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  17. A. I. Kuznetsov, A. B. Evlyukhin, M. R. Gonçalves, C. Reinhardt, A. Koroleva, M. L. Arnedillo, R. Kiyan, O. Marti, and B. N. Chichkov, “Laser fabrication of large-scale nanoparticle arrays for sensing applications,” ACS Nano5(6), 4843–4849 (2011). [CrossRef] [PubMed]
  18. C. L. Baciu, J. Becker, A. Janshoff, and C. Sönnichsen, “Protein-membrane interaction probed by single plasmonic nanoparticles,” Nano Lett.8(6), 1724–1728 (2008). [CrossRef] [PubMed]
  19. J. B. Lassiter, H. Sobhani, J. A. Fan, J. Kundu, F. Capasso, P. Nordlander, and N. J. Halas, “Fano resonances in plasmonic nanoclusters: geometrical and chemical tunability,” Nano Lett.10(8), 3184–3189 (2010). [CrossRef] [PubMed]
  20. W. Kubo and S. Fujikawa, “Au double nanopillars with nanogap for plasmonic sensor,” Nano Lett.11(1), 8–15 (2011). [CrossRef] [PubMed]
  21. W. Zhang, L. Huang, C. Santschi, and O. J. F. Martin, “Trapping and sensing 10 nm metal nanoparticles using plasmonic dipole antennas,” Nano Lett.10(3), 1006–1011 (2010). [CrossRef] [PubMed]
  22. G. J. Nusz, A. C. Curry, S. M. Marinakos, A. Wax, and A. Chilkoti, “Rational selection of gold nanorod geometry for label-free plasmonic biosensors,” ACS Nano3(4), 795–806 (2009). [CrossRef] [PubMed]
  23. H. Altug, A. A. Yanik, M. Huang, and R. Adato, “Ultrasensitive plasmonic sensors mold the flow of light and fluidics,” SPIE Newsroom, 20 Sept. 2010, http://spie.org/x41536.xml?ArticleID=x41536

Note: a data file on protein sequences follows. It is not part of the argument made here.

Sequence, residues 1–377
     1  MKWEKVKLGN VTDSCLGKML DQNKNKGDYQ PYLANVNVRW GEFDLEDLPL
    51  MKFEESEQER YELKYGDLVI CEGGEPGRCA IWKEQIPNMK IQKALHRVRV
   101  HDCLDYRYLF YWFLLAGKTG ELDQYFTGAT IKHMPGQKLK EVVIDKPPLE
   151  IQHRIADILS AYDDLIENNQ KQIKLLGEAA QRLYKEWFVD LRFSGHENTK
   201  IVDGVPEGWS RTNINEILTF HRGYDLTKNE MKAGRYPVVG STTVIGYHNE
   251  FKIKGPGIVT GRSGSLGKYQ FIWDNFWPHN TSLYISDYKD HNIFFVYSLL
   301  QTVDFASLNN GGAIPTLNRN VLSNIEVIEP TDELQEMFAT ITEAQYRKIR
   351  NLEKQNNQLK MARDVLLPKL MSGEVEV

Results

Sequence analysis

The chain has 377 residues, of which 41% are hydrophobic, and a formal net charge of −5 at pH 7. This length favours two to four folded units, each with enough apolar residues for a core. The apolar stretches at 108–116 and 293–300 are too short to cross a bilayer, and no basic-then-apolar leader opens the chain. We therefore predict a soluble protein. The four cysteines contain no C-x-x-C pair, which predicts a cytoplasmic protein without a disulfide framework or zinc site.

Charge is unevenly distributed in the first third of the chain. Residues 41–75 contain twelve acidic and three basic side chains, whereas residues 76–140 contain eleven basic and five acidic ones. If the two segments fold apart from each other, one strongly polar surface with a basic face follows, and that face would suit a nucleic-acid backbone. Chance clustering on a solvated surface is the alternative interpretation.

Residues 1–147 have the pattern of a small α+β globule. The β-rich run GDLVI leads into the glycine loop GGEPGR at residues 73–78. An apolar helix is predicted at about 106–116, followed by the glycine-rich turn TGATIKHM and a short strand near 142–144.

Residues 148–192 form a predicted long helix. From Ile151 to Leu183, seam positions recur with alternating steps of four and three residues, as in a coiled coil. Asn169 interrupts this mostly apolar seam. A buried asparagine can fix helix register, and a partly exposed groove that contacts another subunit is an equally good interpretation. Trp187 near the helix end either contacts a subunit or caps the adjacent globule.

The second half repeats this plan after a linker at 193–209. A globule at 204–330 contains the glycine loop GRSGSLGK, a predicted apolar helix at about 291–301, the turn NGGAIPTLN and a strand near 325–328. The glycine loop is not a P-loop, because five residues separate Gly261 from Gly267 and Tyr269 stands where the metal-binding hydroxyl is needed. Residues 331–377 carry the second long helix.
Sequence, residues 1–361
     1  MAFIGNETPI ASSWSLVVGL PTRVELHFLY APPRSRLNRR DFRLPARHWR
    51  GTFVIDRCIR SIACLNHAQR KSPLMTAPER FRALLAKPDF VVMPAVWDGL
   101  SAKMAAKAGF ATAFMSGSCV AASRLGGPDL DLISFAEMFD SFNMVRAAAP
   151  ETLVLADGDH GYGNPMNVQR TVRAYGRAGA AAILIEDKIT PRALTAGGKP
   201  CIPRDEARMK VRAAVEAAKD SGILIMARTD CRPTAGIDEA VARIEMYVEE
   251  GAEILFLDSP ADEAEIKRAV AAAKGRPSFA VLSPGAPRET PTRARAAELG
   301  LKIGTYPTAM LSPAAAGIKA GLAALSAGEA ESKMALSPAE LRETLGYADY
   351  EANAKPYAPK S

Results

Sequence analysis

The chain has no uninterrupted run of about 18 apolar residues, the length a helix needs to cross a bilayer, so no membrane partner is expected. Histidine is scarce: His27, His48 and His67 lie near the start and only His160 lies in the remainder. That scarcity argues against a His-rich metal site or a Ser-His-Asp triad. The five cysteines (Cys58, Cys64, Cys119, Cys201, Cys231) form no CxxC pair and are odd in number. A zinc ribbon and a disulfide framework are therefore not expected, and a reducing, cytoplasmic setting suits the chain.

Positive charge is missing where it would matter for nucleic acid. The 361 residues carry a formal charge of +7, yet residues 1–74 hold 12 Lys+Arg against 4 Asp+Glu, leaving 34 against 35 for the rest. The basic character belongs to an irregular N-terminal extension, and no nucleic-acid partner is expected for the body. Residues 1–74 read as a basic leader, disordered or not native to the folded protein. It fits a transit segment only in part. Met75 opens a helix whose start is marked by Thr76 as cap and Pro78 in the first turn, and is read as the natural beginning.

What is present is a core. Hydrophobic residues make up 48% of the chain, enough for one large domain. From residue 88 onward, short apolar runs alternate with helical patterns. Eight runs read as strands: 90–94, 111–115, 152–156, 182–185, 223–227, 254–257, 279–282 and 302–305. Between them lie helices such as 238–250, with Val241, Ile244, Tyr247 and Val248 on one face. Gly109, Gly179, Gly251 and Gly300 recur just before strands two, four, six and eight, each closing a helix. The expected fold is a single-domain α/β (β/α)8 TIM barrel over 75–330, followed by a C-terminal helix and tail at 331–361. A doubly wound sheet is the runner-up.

24. R. W. Wood, “On the remarkable case of uneven distribution of a light in a diffractive grating spectrum,” Philos. Mag.4, 396–402 (1902).
  25. R. W. Wood, “Diffraction gratings with controlled groove form and abnormal distribution of intensity,” Philos. Mag.23, 310–317 (1912).
  26. L. Rayleigh, “On the dynamical theory of gratings,” Proc. R. Soc. Lond., A Contain. Pap. Math. Phys. Character79(532), 399–416 (1907). [CrossRef]
  27. U. Fano, “The theory of anomalous diffraction gratings and of quasi-stationary waves on metallic surfaces (Sommerfeld's waves),” J. Opt. Soc. Am.31(3), 213–222 (1941). [CrossRef]
  28. A. Hessel and A. A. Oliner, “A new theory of Wood's anomalies on optical gratings,” Appl. Opt.4(10), 1275–1297 (1965). [CrossRef]
  29. D. de Ceglia, M. A. Vincenti, M. Scalora, N. Akozbek, and M. J. Bloemer, “Plasmonic band edge effects on the transmission properties of metal gratings,” AIP Advances1(3), 032151 (2011). [CrossRef]
  30. R. Marani, M. Grande, V. Marrocco, A. D’Orazio, V. Petruzzelli, M. A. Vincenti, and D. de Ceglia, “Plasmonic bandgap formation in two-dimensional periodic arrangements of gold patches with subwavelength gaps,” Opt. Lett.36(6), 903–905 (2011). [CrossRef] [PubMed]
  31. M. A. Vincenti, D. de Ceglia, M. Scalora, R. Marani, V. Marrocco, M. Grande, G. Morea, and A. D’Orazio, “Enhancement and suppression of transmission in 3-D nanoslits arrays with 1- and 2-D periodicities,” Proc. SPIE7946, 794625, 794625–794627 (2011). [CrossRef]
  32. H. Raether, Surface Polaritons on Smooth and Rough Surfaces and on Gratings (Springer-Verlag, Berlin, 1988).
  33. C. Munuera, J. A. Aznarez, E. Rodrıguez-Canas, A. I. Oliva, M. Aguilar, and J. L. Sacedon, “Study of rough growth fronts of evaporated polycrystalline gold films,” J. Vac. Sci. Technol. A22(4), 1767–1772 (2004). [CrossRef]